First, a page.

Teebz's Book Club is making up for lost time. Considering I took the summer off, my summer reading is now being caught up, and I'm hoping to have a third book finished by the end of the week. We'll see how that goes, but let's get to this book. They Don't Play Hockey In Heaven, written by Ken Baker and published by The Lyons Press in 2003, is a story that is as inspirational as it is informative. Ken Baker's journey back to hockey after eight years away from the game is not only an inspiration story about following one's dreams, but how to live one's life. Mr. Baker's journey is filled with peaks and valleys, the support of his wife, Brooke, his friends, and teammates, but it is a story about one man following his dream, despite how impossible or unattainable it seems.
Ken Baker, a lad from Buffalo, New York, was a highly-touted goaltender by the age of 17. He played in the World Under-17 Championships with players like Jeremy Roenick and Mike Modano, and led the Americans to a gold medal victory over the Canadians who featured goaltender Stephane Fiset. All three of those men would go on to play in the NHL, while Baker received offers to suit up for NCAA Division One teams. Baker accepted an offer from Colgate to play net for the Red Raiders, and it appeared all was well.
That is, however, until Baker started to notice that he was having trouble building any sort of muscle mass on the top half of his body. Some other rather startling symptoms began showing themselves, giving Baker more cause for concern: impotence, a build-up of flab despite his athletic endeavours, lethargy, and the occasional milky discharge from his nipples. Something was wrong. Something was very wrong, and it prompted him to visit Dr. Joshua Trabulus about these symptoms.
"A few days later, a battery of blood tests came back showing that I had 150 times the normal level of prolactin, a hormone that women secrete to produce breast milk. Then an image from an MRI confirmed it: A prolactin-secreting tumor had taken up residence a few inches behind my eyes. Trabulus explained that the more prolactin I produced, the less testosterone I produced. A normal man has a level of about ten nanograms per milliliter; a woman breast-feeding her children has a level of two hundred. My prolactin level was 1,578."Baker was suffering from a condition called hyperprolactinemia as a result of the tumor. Surgery was scheduled, and, nine months later in July 1998, the tumor was removed except for a tiny piece. Drugs would help control the tumor's growth, but they affected him when he did strenuous workouts. As a result of the tumor's growth and its affecting his life, Ken Baker's professional hockey career died after he graduated from Colgate in 1992.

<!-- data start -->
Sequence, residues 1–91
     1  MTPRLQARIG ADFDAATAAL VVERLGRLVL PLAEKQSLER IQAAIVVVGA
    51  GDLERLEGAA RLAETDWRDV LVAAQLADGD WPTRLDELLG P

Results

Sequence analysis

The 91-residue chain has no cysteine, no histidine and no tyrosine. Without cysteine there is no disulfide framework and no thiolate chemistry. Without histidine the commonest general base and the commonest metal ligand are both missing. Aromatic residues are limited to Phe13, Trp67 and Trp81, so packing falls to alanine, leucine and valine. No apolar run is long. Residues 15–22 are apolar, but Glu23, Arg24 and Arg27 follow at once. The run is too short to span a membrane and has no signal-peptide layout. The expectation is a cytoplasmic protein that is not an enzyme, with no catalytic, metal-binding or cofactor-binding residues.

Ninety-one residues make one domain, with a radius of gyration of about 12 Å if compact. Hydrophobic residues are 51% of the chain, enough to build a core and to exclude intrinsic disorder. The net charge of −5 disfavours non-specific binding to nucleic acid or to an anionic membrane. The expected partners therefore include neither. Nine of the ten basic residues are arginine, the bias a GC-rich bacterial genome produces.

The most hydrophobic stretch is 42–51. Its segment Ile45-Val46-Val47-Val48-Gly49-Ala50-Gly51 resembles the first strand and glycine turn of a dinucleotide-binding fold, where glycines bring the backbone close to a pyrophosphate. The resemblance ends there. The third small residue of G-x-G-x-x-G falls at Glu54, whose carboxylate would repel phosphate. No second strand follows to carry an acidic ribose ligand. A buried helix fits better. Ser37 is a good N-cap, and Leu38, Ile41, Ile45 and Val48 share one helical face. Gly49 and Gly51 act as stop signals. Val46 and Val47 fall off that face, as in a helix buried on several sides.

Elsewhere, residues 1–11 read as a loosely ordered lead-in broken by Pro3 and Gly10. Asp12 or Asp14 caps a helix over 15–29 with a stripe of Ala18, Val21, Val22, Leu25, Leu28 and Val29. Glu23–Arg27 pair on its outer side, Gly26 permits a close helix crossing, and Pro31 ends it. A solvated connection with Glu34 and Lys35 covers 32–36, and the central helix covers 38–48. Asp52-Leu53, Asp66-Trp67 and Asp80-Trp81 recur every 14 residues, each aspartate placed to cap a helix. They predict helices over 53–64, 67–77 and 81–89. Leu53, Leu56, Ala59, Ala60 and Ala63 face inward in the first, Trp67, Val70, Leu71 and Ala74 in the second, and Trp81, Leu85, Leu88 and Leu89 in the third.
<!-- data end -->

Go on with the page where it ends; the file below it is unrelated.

Now I could stop typing right here, and the man would still be a hero. He defeated cancer, and, albeit is still battling against it today, seems to have a pretty good hold on his life. Ken Baker is married to a wonderful woman named Brooke, has an amazing son named Jackson - seen here with dad at a Los Angeles Kings game in 2007 - and has his health. The story doesn't end there, though. We need to go back to 2001 where Ken Baker challenged himself and the institution of hockey, and proved that dreams can come true.
After deciding to go back to playing senior league hockey in Oakland, the fire was lit in Baker, and he wanted more. He was a successful writer for Us Weekly magazine, but "The Dream" had affected him. "The Dream" was a vivid scene that he had had while sleeping about playing professional hockey. At 30 years old, it was now or never, and, while it took some soul-searching and prodding from his closest friends and family, they convinced him to tryout with the WCHL's Bakersfield Condors.
He had nothing to lose if he didn't make the team. He just wanted to see if he was good enough to play in the professional ranks. After negotiating a deal with the Condors to be the third-string goaltender if he was good enough - including penning this book about his experience - Baker was kept as the third-string goaltender for the WCHL franchise. He had the support of the entire front office staff, but he still needed to prove that he belonged on the ice, and convincing the coach would be no easy task.
I'm not about to tell Ken Baker's story here. He tells it far better than I do as it is. I will say this: the cast of characters that he is around provide a number of laughs along with some frustration and anger. For anyone who has played the game, this will probably give you an idea of what it means to be good enough to make the team, but not good enough to play regularly. For anyone who hasn't played hockey, this will give you a real picture of what back-up goalies go through in a season.
Ken Baker has penned a brilliant story about life in minor-league hockey. His thoughts, his efforts, and his inspirational tale of fighting against the odds to realize his dream are chronicled well in this book, a sign of his excellent writing skills. They Don't Play Hockey In Heaven is truly one of the best hockey stories I have read to date amongst all the hockey books I have had the pleasure in reading, and Ken Baker's heartfelt, inspirational story deserves Teebz's Book Club Seal of Approval.
There is one note I'd like to pass along about this book. Ken Baker doesn't censor anyone in this book. If a coach or player said it, it was added verbatim. Because of this, there are a number of instances where "locker room talk" is included in the story, so it may not be suitable for children or young teens. However, adults can probably relate directly to Mr. Baker's story, and I recommend They Don't Play Hockey In Heaven for anyone who has ever had what seems like an impossible dream.
Until next time, keep your sticks on the ice!